Thursday, 31 March 2011


Rochdale Memorial Gardens by Pimlico Badger

'SOCIETIES ...', said the Oxford academic and political theorist, Stuart White, at the Memorial Meeting dedicated to the social thinker Colin Ward* held last year, '... use various techniques to meet needs and solve problems.' They use markets that rely on private property, competition and the pursuit of self-interest; and they use organisations based on authority, command and bureaucracy. But besides the pecuniary motive of the businessman and the power-drive of the politician and the office functionary, there is the social method of do-it-yourself, mutual aid, cooperation and self-help.

This month, in the Rochdale Observer, a dispute broke out about a planning decision to chop down some trees in the Memorial Gardens, originally designed by Edward Lutyens, in Rochdale Town Centre. Two regular writers in the printed version of Northern Voices have conflicted over whether or not the Council have an obligation to consult before embarking on these kind of 'cosmetic' enterprises: should they for example consult the 'Friends of Rochdale Memorial Gardens' - a group which the Council was anxious to set up to get funding for the gardens? Dr. Les May, a local biologist, thinks not and in last Saturday's Rochdale Observer wrote in response to a representative of the 'Friends Group' and local campaigner Mr Jason Addy: 'Even though members of 'friends' groups are self appointed, unelected and unaccountable Jason Addy seems to feel that such organisations should be allowed to interpose themselves between we the voters and council tax payers, and our council...'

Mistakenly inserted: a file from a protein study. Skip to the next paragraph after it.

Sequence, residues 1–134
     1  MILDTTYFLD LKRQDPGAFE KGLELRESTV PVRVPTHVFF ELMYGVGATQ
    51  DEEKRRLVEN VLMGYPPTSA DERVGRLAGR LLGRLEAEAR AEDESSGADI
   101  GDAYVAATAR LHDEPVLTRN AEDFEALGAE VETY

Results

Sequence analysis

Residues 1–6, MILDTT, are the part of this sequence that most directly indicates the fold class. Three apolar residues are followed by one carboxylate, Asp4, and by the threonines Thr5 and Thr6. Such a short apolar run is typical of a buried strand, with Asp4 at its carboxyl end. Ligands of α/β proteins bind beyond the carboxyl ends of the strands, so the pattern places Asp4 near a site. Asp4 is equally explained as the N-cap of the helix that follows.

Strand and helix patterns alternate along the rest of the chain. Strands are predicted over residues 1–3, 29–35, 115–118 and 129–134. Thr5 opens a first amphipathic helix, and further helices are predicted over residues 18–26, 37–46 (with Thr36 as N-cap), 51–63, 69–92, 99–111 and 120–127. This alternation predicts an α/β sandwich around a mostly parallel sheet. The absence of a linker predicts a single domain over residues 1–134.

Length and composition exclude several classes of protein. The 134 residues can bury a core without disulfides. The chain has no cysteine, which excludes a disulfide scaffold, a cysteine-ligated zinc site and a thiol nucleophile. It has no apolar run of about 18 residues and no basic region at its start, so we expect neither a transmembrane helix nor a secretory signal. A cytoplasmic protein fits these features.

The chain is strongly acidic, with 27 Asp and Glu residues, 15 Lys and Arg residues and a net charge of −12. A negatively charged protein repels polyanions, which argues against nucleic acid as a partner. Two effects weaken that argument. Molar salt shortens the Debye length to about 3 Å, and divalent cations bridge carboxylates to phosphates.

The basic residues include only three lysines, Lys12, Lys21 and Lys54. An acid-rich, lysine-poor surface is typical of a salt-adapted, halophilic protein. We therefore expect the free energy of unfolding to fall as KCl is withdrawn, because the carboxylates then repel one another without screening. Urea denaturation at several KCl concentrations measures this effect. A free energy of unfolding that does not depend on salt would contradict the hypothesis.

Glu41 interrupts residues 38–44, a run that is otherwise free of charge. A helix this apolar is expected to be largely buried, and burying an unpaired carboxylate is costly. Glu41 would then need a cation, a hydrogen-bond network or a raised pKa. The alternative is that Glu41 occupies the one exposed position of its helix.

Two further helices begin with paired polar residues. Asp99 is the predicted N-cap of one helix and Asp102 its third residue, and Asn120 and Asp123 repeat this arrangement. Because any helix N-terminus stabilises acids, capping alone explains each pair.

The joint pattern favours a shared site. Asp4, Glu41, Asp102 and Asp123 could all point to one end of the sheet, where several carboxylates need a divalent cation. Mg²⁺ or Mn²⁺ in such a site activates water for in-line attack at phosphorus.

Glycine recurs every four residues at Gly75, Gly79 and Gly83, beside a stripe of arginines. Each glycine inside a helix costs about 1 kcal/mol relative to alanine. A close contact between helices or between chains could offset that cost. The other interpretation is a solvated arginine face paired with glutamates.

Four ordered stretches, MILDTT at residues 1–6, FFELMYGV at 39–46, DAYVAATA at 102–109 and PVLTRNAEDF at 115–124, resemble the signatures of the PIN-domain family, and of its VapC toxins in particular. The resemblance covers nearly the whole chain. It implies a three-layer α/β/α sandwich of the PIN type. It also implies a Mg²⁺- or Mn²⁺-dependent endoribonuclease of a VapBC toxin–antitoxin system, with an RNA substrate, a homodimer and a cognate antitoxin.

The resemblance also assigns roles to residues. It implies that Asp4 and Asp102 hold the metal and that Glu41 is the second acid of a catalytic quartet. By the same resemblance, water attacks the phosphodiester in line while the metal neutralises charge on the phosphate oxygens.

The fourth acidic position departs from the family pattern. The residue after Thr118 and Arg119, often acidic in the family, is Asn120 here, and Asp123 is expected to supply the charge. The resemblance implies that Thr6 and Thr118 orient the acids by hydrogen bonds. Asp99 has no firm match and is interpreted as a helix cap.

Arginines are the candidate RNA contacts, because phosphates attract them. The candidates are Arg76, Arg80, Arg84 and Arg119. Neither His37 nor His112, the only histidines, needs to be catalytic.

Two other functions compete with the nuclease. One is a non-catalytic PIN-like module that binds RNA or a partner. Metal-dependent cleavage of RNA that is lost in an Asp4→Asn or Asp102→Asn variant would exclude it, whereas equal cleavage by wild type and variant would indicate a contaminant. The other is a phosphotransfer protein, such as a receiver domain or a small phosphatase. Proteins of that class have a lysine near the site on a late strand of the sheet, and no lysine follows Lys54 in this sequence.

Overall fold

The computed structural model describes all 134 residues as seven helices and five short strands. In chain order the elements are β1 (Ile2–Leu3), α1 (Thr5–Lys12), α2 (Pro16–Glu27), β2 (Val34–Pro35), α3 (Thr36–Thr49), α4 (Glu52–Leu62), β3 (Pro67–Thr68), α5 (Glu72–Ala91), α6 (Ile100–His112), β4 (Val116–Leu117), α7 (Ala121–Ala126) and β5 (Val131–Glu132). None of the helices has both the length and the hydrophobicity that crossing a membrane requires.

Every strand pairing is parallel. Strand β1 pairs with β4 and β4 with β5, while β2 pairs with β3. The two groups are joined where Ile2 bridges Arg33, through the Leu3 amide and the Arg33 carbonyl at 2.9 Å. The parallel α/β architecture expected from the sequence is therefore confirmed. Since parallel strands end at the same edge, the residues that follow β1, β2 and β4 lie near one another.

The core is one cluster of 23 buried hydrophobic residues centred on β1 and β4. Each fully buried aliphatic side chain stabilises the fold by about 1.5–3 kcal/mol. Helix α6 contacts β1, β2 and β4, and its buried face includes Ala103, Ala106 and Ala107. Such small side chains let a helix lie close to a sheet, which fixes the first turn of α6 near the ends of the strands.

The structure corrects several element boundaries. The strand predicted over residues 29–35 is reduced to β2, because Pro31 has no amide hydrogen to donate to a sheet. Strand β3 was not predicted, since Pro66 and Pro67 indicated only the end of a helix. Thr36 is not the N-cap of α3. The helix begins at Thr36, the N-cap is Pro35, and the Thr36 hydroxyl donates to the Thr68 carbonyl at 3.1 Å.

Fair comment! But, without considering the merits of the specific case of Rochdale Memorial Gardens, Dr. May's broad brush challenge to the activists of the 'friends groups', if followed through, does imply an apology for a kind of elective dictatorship. After all, as the poet and playwright Bertolt Brecht pointed out during an insurrection in the old East Germany, we the people are 'unelected' and he even suggested that we needed to elect a 'new people'.

To be fair Les May has outlined his criticism of both voluntary groups and Colin Ward's theories in more depth in the current Spring issue of Northern Voices No.12** ('Rochdale's Weeds Beneath the Snow'). In that article he argued that '(Colin) Ward's ideas are not a million miles from David Cameron's "big society",' and '[b]oth start from the point that formal, state or local government institutions are slow, overly bureaucratic and unrepresentative.' Les May insists that: 'In spite of their good intentions experience suggests that all organisations whether "voluntary" or "official" have the potential to lose sight of their origins and purpose and become more concerned with perpetuating their existence.'

Les May writes that Cameron's 'Big Society' is close to Colin Ward's view of voluntary action, but Colin Ward's ideas are more all embracing than he gives them credit; according to Stuart White 'Colin's work prompts us to ask: how far does the "big society" apply to the economy?', and 'is it a corrective to the "big market" as well as the "big state"?' Furthermore, does Cameron's concept stretch to 'workers' control' in industry? Will it mean the replacement of commercial banks with mutualistic financial institutions? Shall it mean building up community production as an alternative to reliance on the market?